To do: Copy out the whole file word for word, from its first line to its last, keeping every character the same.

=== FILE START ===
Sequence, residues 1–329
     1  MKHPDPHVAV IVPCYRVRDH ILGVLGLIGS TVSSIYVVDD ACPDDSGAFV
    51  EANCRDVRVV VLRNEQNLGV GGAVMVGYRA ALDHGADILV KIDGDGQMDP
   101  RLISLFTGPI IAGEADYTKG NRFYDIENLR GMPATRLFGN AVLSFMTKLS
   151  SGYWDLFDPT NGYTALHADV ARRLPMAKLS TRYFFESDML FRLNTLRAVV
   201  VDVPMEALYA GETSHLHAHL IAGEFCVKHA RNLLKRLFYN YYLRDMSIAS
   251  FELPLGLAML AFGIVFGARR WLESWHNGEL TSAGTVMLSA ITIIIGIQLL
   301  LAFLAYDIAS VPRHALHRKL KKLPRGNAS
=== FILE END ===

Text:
Sequence, residues 1–329
     1  MKHPDPHVAV IVPCYRVRDH ILGVLGLIGS TVSSIYVVDD ACPDDSGAFV
    51  EANCRDVRVV VLRNEQNLGV GGAVMVGYRA ALDHGADILV KIDGDGQMDP
   101  RLISLFTGPI IAGEADYTKG NRFYDIENLR GMPATRLFGN AVLSFMTKLS
   151  SGYWDLFDPT NGYTALHADV ARRLPMAKLS TRYFFESDML FRLNTLRAVV
   201  VDVPMEALYA GETSHLHAHL IAGEFCVKHA RNLLKRLFYN YYLRDMSIAS
   251  FELPLGLAML AFGIVFGARR WLESWHNGEL TSAGTVMLSA ITIIIGIQLL
   301  LAFLAYDIAS VPRHALHRKL KKLPRGNAS